The cards are stacked aginst us.


    • Posted

      They had strokes and many more died. The latest research suggests [in UK - this is a UK website - that statins reduce risk by some 25%. 

      I have taken statins for years without any side effects.  As another says the individual patient has to balance the benefit against any side effects

    • Posted

      Can you post a link or PM me a link to that surprising evidence.


    • Posted

      Ah yes - I'll try!  Later.  I am in UK and it is 1133 time for bed
    • Posted

      Ah - it has been moderated!   search  "mail online" "statins" may 23

      And it's 30%!  If over 70.

      I'm certainly convinced.  The Daily Mail is - however - not revered by my GP

    • Posted

      Even better for me in that case as I'm 80.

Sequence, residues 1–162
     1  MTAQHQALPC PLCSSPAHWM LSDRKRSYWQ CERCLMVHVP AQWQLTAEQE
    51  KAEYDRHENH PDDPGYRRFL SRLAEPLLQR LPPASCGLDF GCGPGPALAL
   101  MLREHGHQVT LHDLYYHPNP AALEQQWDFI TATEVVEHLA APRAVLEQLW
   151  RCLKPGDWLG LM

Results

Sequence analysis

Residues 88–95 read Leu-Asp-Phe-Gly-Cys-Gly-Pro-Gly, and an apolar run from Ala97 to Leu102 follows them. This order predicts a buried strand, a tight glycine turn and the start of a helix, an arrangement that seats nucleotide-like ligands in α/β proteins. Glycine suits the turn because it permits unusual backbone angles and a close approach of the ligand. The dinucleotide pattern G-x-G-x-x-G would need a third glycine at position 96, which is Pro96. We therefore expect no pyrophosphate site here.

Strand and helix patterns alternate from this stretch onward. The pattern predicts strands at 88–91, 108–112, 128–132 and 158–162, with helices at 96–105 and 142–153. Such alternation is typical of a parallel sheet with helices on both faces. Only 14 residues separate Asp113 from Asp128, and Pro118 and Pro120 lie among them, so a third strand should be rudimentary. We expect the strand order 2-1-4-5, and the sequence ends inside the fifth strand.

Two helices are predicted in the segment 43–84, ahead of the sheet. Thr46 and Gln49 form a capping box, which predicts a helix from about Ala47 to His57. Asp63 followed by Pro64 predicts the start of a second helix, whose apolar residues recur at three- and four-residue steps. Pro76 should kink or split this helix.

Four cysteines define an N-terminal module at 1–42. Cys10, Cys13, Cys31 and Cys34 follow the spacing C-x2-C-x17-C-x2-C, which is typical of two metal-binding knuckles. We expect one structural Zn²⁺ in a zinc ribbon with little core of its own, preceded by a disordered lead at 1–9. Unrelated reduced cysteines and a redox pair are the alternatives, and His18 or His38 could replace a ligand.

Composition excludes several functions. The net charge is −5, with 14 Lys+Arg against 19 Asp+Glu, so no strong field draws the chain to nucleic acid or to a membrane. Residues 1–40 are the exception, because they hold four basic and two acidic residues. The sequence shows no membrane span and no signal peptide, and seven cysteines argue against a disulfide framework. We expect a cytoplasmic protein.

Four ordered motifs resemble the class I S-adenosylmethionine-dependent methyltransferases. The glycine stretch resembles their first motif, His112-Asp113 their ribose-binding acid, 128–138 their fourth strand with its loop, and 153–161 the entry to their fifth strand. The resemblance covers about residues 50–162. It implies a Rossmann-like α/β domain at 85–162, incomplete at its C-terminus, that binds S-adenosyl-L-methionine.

The Nurse at the practice I go to buys the Mail on Tuesdays as patients come in quoting it's health articles. My GP is prone to say 'That sounds like a D.M. story' He of course takes statins and still runs marathins.

    • Posted

      I was prescribed Statins four years ago by a Professor at Imperial College when he diagnosed that I had aortic stenosis. They soon gave me muscle pains and I stopped/started them several times over the next eighteen months before swearing never to go back on them. Although I had aortic stenosis an angiogram showed my arteries to be clear.

      The Article:

      Millions of pensioners should routinely take statins to enable them to live longer, healthier lives, researchers claim.

      A study has found that the cholesterol-lowering drugs reduce the risk of strokes by a third among the over-70s.

      Experts say the drugs should be offered to this age group even if they are fit and well and have not previously suffered strokes or heart problems.

      Currently, statins are not widely prescribed to patients over 70 as there is very little evidence as to whether they are effective, or even safe.

      But the French researchers whose findings are published in the BMJ say routinely offering them to this age group could have an ‘important effect’ on public health.